The late Dina Vierny confirmed the authenticity of this sculpture.
Maillol modeled Torse d’une femme in 1899, the year after he abandoned painting, tapestry design, and wood carving in order to devote himself fully to modeling in clay. This lithe, slender female figure–truncated at the shoulders and knees, her head turned in elegant profile and her left hip raised in subtle contrapposto–represents a close variant on the full-length Ève à la pomme, who holds an apple in her lowered left hand. Together, these two statues are among the very earliest in Maillol’s oeuvre to achieve the radical formal purity that would govern his mature aesthetic and earn him his formative place in the history of modern sculpture. “Before long he was creating masterpieces of balance and perfection,” Bertrand Lorquin has written. “His production was rarely again to attain the intensity it had in this dazzling, deeply moving moment in the genesis of his oeuvre. Eve Holding the Apple is clearly the most accomplished expression of this series of experiments and is remarkable for the way it combines classical sobriety with a very clean treatment of the figure” (Aristide Maillol, London, 1995, p. 38).
Maillol first explored this graceful pose in a ceramic wall fountain of 1898-1899, decorated in low relief with the mythical Three Graces. Through the simple addition of the apple, he transformed the figure into Eve, who turns her head towards Adam and displays the forbidden fruit in her open palm (sale, Christie’s, London, 21 June 2012, lot 343). “Eve represents all women and would have had special appeal for Maillol because she was the first and was thus closest to her origins in nature,” Linda Kramer has written (Aristide Maillol, Pioneer of Modern Sculpture, Ph.D. Diss., New York University, 2000, p. 79).
For the present Torse, Maillol modeled a version of Ève à la pomme with neither arms nor lower legs, creating an autonomous and powerfully modern sculpture, stripped of all narrative content and emphasizing instead the abstract qualities of surface and pose. “This eschewal of any distinctive emblem,” Lorquin has explained, “clearly reveals the artist’s determination to avoid the literary or symbolic idioms traditionally associated with sculpture” (op. cit., 1995, p. 34). At the same time, by omitting the limbs, Maillol underscored the nude figure’s timeless, classicizing grace. A fervent admirer of antiquity and frequent visitor to the Greek galleries in the Louvre, Maillol appreciated the famous Venus of Milo–which originally held in one hand the golden apple that the mythical prince Paris had awarded the goddess–all the more because it was preserved without arms, which he believed “would add nothing to its beauty; on the contrary they would probably detract from it” (quoted in ibid., p. 112).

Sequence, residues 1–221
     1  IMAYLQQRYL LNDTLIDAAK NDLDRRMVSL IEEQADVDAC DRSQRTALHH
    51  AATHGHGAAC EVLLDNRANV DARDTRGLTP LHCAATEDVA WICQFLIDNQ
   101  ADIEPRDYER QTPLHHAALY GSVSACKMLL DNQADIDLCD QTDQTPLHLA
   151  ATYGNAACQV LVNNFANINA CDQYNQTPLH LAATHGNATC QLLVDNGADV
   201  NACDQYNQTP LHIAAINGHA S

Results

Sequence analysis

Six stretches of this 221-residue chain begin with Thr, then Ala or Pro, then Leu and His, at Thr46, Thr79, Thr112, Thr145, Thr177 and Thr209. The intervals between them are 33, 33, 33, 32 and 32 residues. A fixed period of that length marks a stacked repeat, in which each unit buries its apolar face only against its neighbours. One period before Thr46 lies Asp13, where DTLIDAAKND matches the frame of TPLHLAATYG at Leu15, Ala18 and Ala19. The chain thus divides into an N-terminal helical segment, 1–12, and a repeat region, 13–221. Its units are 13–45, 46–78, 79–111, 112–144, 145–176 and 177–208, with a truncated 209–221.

Although Maillol followed Rodin in exploring the sculptural possibilities of the partial figure (or morceau, to use Rodin’s term), his nascent style of balance, harmony, and quiet restraint represented a bold departure from the expressive gestures, dramatic movement, and textured surfaces that the older master favored, which constituted the dominant force in European sculpture at the turn of the century. In Torse de femme, Maillol has structured the figure around a unified series of smooth, graceful arcs–the rounded left hip, the gently sloping shoulders, the compact bonnet of hair–that express the beauty of the female form in highly distilled, almost abstract terms. “I look for architecture and volumes,” Maillol explained to his biographer Judith Cladel. “I always start from a geometric figure, square, lozenge, triangle, because these are the figures which hold best in space” (quoted in L. Kramer, op. cit., 2000, p. 79).